The body needs calcium to maintain strong bones and prevent osteoporosis, for muscles to move, and for nerves to carry messages between the brain and the rest of the body. Calcium is used to help blood vessels move blood throughout the body and to help release hormones and enzymes that affect almost every function in the human body. Almost all calcium is stored in bones and teeth, where it supports their structure and hardness.
Plant: Kale & other green leafy vegetables, broccoli and Chinese cabbage, nuts, seeds, thyme, oregano, dill, and cinnamon. Most grains (such as bread, pasta, and unfortified cereals), while not rich in calcium, add significant amounts of calcium to the diet because people eat them often or in large amounts.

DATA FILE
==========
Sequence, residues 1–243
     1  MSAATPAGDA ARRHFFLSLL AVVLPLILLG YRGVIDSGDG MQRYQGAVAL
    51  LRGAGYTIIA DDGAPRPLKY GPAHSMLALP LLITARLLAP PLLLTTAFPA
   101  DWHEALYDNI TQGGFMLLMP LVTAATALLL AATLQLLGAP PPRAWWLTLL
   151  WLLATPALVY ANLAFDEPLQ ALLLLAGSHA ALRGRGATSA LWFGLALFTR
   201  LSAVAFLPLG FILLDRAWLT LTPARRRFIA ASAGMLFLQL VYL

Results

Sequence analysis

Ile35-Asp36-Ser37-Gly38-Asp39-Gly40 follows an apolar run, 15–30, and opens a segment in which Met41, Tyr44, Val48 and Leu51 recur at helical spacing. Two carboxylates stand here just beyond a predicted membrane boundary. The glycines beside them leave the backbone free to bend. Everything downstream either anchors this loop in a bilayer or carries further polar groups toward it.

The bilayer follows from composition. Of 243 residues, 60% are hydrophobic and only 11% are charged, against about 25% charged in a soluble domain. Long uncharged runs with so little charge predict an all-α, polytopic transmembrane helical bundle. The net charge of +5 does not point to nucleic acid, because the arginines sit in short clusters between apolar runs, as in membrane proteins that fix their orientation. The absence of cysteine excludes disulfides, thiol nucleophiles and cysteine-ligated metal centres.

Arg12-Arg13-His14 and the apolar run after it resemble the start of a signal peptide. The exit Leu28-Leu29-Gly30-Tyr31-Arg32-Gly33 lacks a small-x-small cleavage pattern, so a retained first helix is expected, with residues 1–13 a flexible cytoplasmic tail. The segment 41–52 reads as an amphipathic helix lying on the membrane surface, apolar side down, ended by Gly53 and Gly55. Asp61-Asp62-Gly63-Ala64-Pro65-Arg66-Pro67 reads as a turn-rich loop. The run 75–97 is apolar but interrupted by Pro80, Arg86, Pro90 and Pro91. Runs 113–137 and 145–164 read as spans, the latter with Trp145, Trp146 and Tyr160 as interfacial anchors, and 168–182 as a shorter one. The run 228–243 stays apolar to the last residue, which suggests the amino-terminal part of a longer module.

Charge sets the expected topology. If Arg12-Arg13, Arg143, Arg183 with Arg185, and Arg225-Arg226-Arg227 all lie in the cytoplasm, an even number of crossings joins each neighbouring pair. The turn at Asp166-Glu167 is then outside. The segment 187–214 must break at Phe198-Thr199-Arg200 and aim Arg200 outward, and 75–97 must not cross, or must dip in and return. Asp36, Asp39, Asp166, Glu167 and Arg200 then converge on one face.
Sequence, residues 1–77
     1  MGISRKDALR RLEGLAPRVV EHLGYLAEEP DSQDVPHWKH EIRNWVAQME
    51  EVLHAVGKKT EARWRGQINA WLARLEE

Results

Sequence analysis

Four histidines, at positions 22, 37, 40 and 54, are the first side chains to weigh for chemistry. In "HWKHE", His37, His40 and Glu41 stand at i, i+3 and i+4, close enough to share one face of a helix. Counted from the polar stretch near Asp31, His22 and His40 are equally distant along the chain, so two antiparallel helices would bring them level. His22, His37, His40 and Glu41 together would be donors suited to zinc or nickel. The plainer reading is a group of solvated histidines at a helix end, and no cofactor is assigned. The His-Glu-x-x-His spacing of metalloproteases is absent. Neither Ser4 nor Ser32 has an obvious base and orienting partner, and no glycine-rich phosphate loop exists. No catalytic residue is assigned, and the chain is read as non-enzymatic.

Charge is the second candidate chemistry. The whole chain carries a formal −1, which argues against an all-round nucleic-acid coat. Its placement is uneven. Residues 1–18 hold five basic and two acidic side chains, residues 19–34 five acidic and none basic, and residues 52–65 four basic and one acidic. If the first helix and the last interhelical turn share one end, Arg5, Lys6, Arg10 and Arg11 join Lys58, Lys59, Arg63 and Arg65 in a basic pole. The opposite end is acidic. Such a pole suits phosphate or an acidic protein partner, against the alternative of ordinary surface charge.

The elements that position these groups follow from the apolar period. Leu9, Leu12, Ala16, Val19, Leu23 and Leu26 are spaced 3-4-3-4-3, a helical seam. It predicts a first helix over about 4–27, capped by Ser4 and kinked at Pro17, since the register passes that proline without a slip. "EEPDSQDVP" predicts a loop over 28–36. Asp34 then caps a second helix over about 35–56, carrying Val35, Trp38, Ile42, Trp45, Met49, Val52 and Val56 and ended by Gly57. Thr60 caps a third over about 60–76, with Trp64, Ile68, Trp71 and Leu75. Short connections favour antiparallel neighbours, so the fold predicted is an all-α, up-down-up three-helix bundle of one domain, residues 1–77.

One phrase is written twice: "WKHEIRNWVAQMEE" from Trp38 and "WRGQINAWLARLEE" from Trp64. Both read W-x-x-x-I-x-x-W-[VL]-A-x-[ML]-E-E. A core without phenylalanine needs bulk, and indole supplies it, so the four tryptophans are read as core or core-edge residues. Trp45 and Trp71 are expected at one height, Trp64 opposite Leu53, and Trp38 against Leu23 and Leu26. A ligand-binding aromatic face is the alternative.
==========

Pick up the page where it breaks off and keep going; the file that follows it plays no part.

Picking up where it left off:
Animal: Milk, yogurt, and cheese, fish with soft bones such as canned sardines and salmon
NOTE: Calcium is added to some breakfast cereals, fruit juices, soy and rice beverages, and tofu. To find out whether these foods have calcium, check the product labels.
« Calcium absorption is best when a person consumes no more than 500 mg at one time. For example, a person who takes 1,000 mg/day of calcium from supplements should split the dose rather than take it all at once.
« The two main forms of calcium dietary supplements are carbonate and citrate. Calcium carbonate is inexpensive but is absorbed best when taken with food. More expensive calcium citrate is absorbed well on either an empty or a full stomach. People with low levels of stomach acid (common in people older than 50) absorb calcium citrate more easily than calcium carbonate.